Holiday madness. I wouldn't be anywhere without it. Here I am in a snow suit I bought in preparation for a Holiday show. Years before I had anyone helping me full time.
Do some research on snow suits. You'll find out exactly what I did... really good snow suits are very expensive; there are a lot of shitty snow suits out there that aren't water resistant; the Israeli army makes a really good snow suit. I don't know why exactly the Israeli military is making snow suits, but it kept me warm that year. That is Fred. He passed away a few years ago. I named a dog collar line after him.
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I thought it would be fun to walk you through the insanity of the last few months as Jeff and I prepped for two months of three consecutive shows. All in order with little narrative.
New custom built hole punchers/ end cutters. Allows us to make belts more quickly. Sexy aren't they!
New 'Raccoonauts' t-shirt design with artist Mike Tanoory. Will be online soon.
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This next design should give you a good idea of my t-shirt designing process.
This sketch of mine, along with endless amounts of explanatory text to artist Mike Tanoory, would eventually become a t-shirt.
Mike's first sketch.
Elvis's Ark. Onward to Graceland. Looking back at my sketch it's a wonder I even hire artists. They are sooo good already.
Re-zazzed up our old storefront sign for the Grand Central Holiday Fair.
New custom built checkout/ workshop counter. It is a wallet display, belt display, work bench, and checkout counter all in one. I really need to do a blog post just about this. It is amazing.
New t-shirt designs. Squid Diver (left) by Ryan Berkley. Space Chimp Pope by Angie Cornish. More on the new artists and tees to come in the new year.
My wonderful parents and sister came to the shop to help me fold t-shirts. We had 3000 t-shirts to get through. I offered them pizza and movies, but sitting in front of the workshop TV wasn't productive enough for them so they self-sequestered themselves to the side room where they setup a system for folding t-shirts. Dad pre-folded the tees, mom stuffed the bags, Pamela applied the sizing sticker. An assembly line if you will. This is a Wye family trait.
One of my many runs back to my parents house to pick up various packages and supplies. I still keep a lot of inventory in their garage. I caught my adorable mom taking a cap nap and had to take a pic. She would be mortified that I posted this. Luckily she doesn't read my blog. Mom is a general contractor currently working on 3 house renovations at once. Another Wye family trait... working yourself to the bone.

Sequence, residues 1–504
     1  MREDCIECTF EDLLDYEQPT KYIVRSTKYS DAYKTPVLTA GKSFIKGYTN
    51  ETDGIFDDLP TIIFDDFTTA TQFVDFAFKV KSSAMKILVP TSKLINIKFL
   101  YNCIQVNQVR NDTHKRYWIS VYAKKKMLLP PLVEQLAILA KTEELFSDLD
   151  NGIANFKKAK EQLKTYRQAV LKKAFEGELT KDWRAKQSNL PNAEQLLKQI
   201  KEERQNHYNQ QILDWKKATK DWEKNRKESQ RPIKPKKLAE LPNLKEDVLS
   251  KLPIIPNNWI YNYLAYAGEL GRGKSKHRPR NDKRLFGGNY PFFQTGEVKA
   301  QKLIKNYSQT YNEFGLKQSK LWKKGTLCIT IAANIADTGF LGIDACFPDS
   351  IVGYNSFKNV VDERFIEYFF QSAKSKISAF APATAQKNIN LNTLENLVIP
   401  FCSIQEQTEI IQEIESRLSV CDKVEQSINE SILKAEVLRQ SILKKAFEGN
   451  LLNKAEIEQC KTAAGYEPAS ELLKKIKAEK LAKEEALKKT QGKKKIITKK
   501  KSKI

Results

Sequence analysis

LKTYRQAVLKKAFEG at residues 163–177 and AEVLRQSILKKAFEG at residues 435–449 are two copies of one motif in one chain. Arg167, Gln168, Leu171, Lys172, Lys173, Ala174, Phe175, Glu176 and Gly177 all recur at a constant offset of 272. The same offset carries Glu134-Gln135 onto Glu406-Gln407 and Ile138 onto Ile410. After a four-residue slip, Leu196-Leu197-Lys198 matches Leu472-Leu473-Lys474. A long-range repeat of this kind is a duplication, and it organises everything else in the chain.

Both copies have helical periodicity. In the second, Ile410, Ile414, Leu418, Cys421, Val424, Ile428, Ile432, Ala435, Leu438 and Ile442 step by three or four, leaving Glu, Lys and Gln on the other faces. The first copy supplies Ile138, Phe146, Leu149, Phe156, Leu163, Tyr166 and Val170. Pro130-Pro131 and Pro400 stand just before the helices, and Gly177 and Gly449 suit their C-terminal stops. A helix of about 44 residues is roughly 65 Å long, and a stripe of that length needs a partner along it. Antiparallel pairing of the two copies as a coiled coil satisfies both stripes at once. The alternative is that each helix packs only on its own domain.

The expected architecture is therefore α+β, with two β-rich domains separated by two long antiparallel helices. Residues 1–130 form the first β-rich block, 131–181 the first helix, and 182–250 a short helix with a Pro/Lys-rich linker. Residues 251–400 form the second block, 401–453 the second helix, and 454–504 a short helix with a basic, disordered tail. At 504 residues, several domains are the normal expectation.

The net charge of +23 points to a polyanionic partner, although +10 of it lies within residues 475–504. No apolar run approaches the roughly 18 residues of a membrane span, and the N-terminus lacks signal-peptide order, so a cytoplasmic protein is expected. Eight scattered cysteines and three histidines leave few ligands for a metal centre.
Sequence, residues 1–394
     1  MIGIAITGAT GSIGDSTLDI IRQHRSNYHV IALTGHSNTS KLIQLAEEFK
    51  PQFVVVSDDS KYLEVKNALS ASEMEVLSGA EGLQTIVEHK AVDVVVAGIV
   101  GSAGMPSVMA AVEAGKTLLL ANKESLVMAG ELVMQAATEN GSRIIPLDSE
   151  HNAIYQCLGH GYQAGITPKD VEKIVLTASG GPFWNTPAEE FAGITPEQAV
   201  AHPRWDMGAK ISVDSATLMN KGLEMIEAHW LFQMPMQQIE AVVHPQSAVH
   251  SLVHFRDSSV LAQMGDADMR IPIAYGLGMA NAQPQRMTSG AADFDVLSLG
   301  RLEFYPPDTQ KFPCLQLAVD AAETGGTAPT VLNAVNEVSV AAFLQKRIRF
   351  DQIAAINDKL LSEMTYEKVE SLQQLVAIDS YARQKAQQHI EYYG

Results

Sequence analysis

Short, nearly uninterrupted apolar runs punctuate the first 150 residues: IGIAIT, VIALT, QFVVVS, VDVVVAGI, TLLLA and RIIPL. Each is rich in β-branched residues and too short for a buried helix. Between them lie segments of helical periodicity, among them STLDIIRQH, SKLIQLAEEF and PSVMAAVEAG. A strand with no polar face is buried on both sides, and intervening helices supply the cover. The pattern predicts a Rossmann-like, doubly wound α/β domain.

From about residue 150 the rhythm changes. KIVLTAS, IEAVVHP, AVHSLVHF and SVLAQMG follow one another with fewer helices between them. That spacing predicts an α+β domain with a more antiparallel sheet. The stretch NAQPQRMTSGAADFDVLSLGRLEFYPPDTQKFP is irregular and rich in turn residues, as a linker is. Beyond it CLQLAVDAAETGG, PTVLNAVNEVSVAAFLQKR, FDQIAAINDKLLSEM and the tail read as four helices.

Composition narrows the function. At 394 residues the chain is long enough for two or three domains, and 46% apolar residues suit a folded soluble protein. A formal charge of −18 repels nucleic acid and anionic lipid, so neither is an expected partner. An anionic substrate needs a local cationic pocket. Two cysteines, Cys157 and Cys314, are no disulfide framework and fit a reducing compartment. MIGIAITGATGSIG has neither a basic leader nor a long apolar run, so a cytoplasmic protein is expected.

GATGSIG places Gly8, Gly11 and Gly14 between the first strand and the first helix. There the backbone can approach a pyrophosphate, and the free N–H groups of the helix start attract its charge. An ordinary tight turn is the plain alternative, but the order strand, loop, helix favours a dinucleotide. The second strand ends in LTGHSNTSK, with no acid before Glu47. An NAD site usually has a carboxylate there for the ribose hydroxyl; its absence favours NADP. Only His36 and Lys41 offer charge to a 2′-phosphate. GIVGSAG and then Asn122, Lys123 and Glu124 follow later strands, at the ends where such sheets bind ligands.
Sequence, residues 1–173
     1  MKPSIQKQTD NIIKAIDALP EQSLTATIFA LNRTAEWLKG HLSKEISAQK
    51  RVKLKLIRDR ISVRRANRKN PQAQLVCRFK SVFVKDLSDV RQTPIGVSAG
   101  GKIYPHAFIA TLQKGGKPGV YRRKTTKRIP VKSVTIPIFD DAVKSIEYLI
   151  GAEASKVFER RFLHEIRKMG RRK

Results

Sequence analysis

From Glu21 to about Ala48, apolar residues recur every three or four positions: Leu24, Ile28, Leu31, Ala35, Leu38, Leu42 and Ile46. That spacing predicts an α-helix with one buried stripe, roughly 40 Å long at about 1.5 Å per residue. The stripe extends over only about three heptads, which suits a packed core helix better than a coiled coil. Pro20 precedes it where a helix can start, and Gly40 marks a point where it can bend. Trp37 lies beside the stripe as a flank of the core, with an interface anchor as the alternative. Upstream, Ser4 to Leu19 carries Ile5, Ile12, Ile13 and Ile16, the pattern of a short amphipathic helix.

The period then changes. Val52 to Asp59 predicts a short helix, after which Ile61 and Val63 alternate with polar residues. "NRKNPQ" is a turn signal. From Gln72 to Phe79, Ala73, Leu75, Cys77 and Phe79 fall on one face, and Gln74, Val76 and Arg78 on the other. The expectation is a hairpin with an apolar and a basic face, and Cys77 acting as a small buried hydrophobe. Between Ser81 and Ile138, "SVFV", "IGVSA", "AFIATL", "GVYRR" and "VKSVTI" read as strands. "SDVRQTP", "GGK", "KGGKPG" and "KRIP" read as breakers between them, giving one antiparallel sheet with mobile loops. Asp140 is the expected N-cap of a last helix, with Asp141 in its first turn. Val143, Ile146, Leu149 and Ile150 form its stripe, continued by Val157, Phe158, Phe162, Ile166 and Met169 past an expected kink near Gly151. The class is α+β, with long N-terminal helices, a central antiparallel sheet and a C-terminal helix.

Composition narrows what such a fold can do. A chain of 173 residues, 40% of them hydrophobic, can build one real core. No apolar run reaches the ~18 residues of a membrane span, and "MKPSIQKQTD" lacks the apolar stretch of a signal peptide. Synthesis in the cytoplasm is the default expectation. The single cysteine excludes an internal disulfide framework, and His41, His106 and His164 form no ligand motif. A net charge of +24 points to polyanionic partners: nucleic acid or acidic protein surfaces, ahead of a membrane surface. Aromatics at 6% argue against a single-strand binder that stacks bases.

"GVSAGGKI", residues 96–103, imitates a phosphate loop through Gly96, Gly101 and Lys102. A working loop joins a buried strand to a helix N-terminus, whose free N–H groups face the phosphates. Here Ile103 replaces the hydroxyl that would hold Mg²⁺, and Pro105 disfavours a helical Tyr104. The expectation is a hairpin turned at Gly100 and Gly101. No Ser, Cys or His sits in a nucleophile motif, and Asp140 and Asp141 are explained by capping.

Setting up at Grand Central Terminal for the 2012 Holiday Fair. With Jeff and friend Robb Hohmann.
This was a lot more death defying than it looks.
Who doesn't like seeing their name in lights, er... printed on a directory.
Final setup for the 2012 Grand Central Terminal Holiday Fair.
When I got back from NYC, setting up the Holiday Fair in Grand Central Terminal, I got a call from my mom, who is always on the look out for good finds. "I think I found a couch for your workshop. I'm standing by it so no one takes it."
Little time to relax. Once a year we do a thing. That thing is only sent out to our email list. That thing makes the shipping computer go into overdrive. A good problem to have.
Every year the Wye family (ok, mostly me, mom, and dad. Sister not so much) anxiously await Costco bringing out their pumpkin pie. It is amazing. I took my pie to the workshop (my whole pie) to entice me to actually go to the workshop on those days when I just don't want to get up.
The roller embosser died (it stamps the back of the belts). I had to order a part. It weighed only 1 lb. It cost $360 plus next day shipping. And of course it happened right in the middle of the holiday season.
One break for brunch with friends then back to the workshop.
Ahhhh, just like a real family. Beautiful tree and ignoring each other. jk
It kept raining so I busted out the tent so I could spray the protective coating on the belts.
Glamor shot of one of my many workshop meals.
That's the haps for the last two month. More coherent storyline when my brain has a rest from the craziness of the holiday retail season.